Goodman Victim’s Mom: Hands Off my Son’s Ashes!

The mother of Scott Wilson, the 23-year-old man killed by Wellington polo mogul John Goodman in a DUI accident more than two years ago, has asked a Palm Beach County probate judge to prevent the division of Wilson’s ashes!

Lili Wilson

Lili Wilson at John Goodman’s trial (Special to Gossip Extra)

Lili Wilson made the request this month in response to a motion by ex-husband William Wilson that their son’s cremated remains be split evenly and given back to them in separate urns – because they couldn’t agree on what to do with the ashes!

In what’s gearing up to be another all-out fight between the grief-stricken exes, who became stars in their own right during Goodman’s trial in the spring, Lili Wilson dismissed the splitting of the ashes “an insensitive request.”

Click here to read Lili Wilson’s letter to the judge

In her response to Judge Martin Colin obtained exclusively by Gossip Extra, the woman wrote her son’s body was blessed in a religious ceremony after his passing.

“His remains need to be treated with the same respect as a human body,” Lili Wilson wrote. “I don’t think his remains should be disturbed and therefore should not be divided.”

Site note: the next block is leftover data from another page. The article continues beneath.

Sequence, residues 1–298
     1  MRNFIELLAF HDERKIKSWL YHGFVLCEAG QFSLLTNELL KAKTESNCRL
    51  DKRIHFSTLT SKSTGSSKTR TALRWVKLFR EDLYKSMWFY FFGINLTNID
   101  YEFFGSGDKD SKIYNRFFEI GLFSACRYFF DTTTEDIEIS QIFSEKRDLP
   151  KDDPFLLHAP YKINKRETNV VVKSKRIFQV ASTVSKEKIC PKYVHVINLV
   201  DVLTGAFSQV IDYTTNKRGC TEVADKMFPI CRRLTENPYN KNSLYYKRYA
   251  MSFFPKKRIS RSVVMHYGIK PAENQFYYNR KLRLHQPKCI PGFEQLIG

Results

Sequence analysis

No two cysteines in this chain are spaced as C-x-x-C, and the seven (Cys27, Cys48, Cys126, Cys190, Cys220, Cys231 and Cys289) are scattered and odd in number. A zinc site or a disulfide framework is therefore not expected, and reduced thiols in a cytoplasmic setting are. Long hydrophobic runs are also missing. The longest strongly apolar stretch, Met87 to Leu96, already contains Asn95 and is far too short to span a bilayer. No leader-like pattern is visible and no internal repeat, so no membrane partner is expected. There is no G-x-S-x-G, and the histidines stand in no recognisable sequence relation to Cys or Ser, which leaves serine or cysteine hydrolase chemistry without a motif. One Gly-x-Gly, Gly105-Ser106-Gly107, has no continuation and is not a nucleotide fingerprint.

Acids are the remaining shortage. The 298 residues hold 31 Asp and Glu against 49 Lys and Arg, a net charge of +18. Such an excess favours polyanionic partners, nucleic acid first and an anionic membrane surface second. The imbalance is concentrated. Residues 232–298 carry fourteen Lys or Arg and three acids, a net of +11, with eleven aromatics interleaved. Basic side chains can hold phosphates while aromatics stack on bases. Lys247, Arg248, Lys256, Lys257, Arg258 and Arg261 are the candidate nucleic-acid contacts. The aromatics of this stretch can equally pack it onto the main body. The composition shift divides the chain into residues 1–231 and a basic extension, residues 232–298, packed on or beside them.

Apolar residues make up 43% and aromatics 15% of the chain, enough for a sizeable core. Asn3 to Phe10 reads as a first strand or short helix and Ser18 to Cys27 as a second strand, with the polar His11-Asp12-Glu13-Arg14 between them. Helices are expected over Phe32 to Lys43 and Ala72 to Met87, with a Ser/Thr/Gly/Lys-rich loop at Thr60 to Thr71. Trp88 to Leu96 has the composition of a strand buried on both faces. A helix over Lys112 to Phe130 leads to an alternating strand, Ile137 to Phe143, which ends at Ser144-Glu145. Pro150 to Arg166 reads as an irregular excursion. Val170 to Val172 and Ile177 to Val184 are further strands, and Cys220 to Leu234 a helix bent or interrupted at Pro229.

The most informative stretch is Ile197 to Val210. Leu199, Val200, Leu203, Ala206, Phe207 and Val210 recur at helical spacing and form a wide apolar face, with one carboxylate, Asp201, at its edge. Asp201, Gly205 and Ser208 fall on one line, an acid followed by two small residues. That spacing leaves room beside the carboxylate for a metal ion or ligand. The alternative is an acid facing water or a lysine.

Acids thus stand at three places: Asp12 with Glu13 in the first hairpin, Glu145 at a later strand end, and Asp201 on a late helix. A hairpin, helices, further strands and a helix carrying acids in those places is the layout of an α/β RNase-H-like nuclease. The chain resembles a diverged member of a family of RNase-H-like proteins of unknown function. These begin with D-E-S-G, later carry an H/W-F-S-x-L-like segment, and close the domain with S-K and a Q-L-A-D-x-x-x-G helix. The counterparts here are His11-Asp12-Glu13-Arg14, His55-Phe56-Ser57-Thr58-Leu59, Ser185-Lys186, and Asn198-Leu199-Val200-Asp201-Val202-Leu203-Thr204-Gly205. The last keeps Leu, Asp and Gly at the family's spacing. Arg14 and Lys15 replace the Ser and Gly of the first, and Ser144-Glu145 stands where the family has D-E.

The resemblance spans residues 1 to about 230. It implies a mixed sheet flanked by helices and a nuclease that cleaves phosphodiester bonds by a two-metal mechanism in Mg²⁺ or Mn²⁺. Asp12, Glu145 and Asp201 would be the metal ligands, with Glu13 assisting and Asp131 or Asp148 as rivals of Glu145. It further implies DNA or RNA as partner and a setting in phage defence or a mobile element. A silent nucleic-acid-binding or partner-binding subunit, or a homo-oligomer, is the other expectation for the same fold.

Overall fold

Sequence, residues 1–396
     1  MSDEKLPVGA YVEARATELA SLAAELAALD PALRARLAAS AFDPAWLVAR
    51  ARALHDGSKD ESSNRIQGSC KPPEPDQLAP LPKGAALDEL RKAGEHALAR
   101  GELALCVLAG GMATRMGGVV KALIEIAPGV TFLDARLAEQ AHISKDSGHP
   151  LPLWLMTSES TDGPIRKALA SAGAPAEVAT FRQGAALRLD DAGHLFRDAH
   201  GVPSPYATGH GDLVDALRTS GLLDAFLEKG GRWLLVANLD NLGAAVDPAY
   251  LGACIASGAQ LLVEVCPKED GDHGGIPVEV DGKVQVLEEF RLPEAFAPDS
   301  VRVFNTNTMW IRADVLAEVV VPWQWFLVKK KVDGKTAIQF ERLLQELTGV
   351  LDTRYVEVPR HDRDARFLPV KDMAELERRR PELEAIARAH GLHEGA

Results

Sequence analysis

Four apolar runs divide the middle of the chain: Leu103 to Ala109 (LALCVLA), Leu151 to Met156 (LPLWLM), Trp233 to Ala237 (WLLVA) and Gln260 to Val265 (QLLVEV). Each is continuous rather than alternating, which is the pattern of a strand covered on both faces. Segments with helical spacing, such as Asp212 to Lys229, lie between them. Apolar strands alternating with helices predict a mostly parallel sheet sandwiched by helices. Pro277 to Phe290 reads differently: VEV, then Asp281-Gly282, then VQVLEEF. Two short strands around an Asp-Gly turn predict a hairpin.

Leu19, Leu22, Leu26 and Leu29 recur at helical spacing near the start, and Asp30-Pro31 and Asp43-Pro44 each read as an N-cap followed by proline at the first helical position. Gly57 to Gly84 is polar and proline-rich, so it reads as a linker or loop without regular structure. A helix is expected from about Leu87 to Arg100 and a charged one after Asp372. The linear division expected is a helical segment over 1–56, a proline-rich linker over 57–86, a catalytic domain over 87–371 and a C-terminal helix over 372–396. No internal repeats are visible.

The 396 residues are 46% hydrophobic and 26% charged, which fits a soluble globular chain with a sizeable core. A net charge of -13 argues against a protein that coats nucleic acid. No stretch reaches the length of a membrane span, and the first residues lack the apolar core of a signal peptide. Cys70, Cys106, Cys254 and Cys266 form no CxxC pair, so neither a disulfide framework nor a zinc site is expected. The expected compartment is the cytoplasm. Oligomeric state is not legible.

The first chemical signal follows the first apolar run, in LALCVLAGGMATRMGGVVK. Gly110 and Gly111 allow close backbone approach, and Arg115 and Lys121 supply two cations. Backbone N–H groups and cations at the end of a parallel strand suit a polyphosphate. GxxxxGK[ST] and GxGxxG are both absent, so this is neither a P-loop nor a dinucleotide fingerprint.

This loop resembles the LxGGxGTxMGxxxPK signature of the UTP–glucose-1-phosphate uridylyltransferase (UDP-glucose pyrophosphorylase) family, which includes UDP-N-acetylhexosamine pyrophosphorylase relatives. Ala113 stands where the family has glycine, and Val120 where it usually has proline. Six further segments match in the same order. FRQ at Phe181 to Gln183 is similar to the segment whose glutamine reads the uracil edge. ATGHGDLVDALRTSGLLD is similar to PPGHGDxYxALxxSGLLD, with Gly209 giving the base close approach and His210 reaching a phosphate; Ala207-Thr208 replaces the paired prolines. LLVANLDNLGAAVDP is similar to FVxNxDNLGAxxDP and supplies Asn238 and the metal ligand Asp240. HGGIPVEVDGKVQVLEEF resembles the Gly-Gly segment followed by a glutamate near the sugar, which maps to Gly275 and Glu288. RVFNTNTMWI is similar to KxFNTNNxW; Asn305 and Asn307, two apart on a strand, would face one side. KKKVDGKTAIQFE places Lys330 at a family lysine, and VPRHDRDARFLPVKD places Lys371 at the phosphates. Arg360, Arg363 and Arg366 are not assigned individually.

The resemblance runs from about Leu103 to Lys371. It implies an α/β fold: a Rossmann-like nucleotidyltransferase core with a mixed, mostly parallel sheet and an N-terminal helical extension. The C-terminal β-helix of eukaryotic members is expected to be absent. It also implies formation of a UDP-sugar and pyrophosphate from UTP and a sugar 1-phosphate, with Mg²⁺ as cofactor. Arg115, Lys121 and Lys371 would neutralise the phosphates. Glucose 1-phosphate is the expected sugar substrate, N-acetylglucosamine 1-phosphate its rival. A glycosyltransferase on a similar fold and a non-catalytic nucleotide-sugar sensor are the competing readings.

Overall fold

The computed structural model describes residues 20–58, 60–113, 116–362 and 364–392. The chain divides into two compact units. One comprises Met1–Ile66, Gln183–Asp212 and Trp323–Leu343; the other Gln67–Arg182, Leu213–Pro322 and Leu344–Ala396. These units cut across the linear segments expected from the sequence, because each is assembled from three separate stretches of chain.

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The Wilsons have been divorced for 10 years but William re-opened the case after he and his wife divided $46 million in damages from Goodman and The Players Club, the last bar that Goodman visited before the accident.

Goodman was convicted of DUI manslaughter and sentenced to 16 years in prison. He is currently waiting in the Palm Beach County Sheriff’s Office main jail for his appeal to be heard.

The stories surrounding the February 2012 accident and its aftermaths included International Polo Club Palm Beach owner Goodman adopting his adult girlfriend and claims that a malfunction in his $300,000-Bentley caused the crash.

Scott’s ashes have been sealed and stored at the Palms West Funeral home in Royal Palm Beach since then.

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Comments

  1. Disgusted says

    Lily, you are defiling the memory of your son with this nonsense. His father has just as much right to his ashes as you do, and dividing them would be totally correct. All of the sympathy the public had for you for the death of your son is evaporating in light of your selfish behavior. If those ashes meant so much to you, they wouldn’t be sitting in the funeral home all this time. Give up, move on and get your life back. It’s time!